This is pretty crazy. I just composed a 3000 word story called "You Called Me." It's the sixtieth short story I have written since July 2019 when I wrote "Fitty." When everything happened in 2012, I wrote that many short stories--and of course many other things--from March to December, and I guess I never thought I'd ever do anything like that again, because it was not humanly possible in the first place, and yet I had done it, but now I have done it once more and actually done quite a bit more in a shorter period of time. So that is crazy. But so is this story, the perfect story for our times. The other night I was out in the hallway with Emma, and we both heard my phone ringing inside of my apartment. When I checked the phone a couple hours later, I saw that the call had come from me, from my number, and was ID'ed as "Maybe Colin Fleming." I'd never seen that before. And it gave me an idea. So I wrote this story about this guy, who is the pariah of the internet, who is getting, as they say, "dragged" by the mob, and his life is over, and he's alone, and he's lost his job because of the fallout, and media outlets are reporting on this story, and he's uniting the country, because people who disagree about everything are coming together to agree that this guy is an asshole. He's gone viral in the worst way. Or a pretty bad way, anyway. And he starts getting phone calls from himself. And even a kind of voicemail. And eventually a text. Just a perfect fucking story idea, which would explode, get everyone talking. Were I, of course, not blackballed by an entire industry. They are hurting me right now, but I will figure this out, figure out how to prevail, and I will prevail, but they are hurting themselves more, because their ventures, magazines, venues, are dying, and this is the kind of work that would save all of that and them. And I have so much of it of so many varieties. Man this is fucking good. I don't know how I think of all of this shit. Well, I do, but it's still nuts.
Steven knew what he would tell the doctors, if they insisted upon complete honesty. “I was just trying something,” he’d say, “It was a first time deal, never happened before.”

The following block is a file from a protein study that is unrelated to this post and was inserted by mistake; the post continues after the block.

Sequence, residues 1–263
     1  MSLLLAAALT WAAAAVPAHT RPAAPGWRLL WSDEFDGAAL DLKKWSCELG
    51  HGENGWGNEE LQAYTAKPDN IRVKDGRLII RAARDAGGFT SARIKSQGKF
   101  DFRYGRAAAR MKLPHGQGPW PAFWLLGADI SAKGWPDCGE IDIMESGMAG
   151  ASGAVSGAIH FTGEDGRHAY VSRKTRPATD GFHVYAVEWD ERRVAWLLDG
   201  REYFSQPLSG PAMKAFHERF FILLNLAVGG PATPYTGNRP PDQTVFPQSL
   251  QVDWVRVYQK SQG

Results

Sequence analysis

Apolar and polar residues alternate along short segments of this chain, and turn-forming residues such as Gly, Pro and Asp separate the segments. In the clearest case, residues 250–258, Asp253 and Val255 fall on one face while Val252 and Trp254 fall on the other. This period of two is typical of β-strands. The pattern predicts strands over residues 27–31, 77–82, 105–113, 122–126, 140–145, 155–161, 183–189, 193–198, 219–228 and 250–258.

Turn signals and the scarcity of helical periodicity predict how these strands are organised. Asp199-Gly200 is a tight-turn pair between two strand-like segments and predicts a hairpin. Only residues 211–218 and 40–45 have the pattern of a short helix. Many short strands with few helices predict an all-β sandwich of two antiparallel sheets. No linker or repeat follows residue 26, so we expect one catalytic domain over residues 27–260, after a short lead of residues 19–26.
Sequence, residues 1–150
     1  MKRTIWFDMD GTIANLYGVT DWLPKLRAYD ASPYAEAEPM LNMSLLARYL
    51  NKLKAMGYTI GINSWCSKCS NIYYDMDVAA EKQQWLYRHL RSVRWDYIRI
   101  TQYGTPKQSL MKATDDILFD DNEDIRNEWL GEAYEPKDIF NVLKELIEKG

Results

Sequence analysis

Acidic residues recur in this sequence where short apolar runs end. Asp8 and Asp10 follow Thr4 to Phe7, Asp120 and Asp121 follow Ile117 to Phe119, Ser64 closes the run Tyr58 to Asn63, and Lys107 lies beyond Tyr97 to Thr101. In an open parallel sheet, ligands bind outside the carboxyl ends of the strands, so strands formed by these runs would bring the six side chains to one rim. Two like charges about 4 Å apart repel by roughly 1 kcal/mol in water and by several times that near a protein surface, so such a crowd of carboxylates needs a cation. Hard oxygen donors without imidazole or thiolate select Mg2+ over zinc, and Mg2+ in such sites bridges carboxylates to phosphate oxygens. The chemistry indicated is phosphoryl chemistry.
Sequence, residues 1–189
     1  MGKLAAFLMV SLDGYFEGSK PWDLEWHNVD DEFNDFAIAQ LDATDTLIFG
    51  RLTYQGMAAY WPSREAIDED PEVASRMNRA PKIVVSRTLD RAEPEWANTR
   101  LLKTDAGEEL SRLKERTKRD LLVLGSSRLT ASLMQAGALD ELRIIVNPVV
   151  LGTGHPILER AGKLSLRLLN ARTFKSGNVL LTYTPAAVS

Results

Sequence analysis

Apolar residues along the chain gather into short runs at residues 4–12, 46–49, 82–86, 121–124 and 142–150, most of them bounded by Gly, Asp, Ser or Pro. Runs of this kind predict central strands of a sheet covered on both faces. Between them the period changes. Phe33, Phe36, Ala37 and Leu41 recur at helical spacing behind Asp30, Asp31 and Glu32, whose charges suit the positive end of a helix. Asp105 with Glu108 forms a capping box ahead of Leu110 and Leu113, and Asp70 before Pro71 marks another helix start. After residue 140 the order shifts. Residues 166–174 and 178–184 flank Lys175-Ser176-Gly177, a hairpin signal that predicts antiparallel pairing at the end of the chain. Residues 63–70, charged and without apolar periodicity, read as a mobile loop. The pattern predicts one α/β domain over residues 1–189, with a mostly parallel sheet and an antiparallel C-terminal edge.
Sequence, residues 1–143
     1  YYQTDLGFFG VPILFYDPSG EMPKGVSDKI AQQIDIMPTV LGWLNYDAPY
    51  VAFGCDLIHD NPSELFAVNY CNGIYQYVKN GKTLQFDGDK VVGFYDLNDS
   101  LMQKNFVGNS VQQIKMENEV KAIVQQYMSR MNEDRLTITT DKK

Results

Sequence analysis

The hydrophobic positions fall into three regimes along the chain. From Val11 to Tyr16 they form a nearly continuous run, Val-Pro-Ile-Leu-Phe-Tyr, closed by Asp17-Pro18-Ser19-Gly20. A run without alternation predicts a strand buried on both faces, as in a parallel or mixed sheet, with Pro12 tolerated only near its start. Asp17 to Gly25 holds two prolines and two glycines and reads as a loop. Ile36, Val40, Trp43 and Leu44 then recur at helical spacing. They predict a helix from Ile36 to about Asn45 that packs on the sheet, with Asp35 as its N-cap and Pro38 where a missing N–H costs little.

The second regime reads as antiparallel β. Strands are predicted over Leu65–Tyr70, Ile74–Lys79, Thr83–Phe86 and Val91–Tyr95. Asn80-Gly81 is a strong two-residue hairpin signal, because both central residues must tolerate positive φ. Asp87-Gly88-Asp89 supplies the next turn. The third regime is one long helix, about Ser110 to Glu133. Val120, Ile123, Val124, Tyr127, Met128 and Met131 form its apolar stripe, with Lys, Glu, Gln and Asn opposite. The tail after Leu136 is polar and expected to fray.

He had read about people who went to the hospital because they had lodged items in their rectums and could not get them out. All manner of items. Light bulb, chalkboard eraser, Snuffleupagas doll, peroxide bottle. Doctors had seen it all, doctors understood. He’d been in the waiting room for hours. They must not have thought his injuries were serious. Blood still leaked from his head under the cloth he pressed to his forehead. The forehead bleeds a lot when it is cut, he thought. Maybe it heals quicker. He liked how the body determined what needed to stop bleeding faster and what could take longer. Any cut on his penis healed quickly. It had always been that way. He assumed that was how science helped humans to reproduce. They were, after all, animals, and the goal of any species is to propagate.
Previously he had received a phone call from the dentist while he was at the dentist, which seemed very strange, though he did not press the matter and follow-up as to why the receptionist called him at home when he was in the dentist’s chair. He didn’t even have a cavity. Maybe if a tumor had been detected and they thought he was not prepared to hear it at the time—if he had been jittery or something, as though he anticipated that he might have a mouth tumor—and they were phoning to leave a message that he needed to schedule a follow-up with some haste, though he never did find out.
But Steven calling himself was new. He had never called his own cell phone before from the number of his cell phone. He did not know how it was even possible. Technology was not his thing. There were probably kids who could call themselves, but still—What the hell, man? he would say in his head, wondering if it would help to say those words aloud, softly, to himself. Sometimes he did say them because he was someone who would try and use humor to diffuse fear. He said them with an Irish lilt, despite not being Irish. He sounded more like a guy known to everyone as Sully than a guy with the last name of Yeats.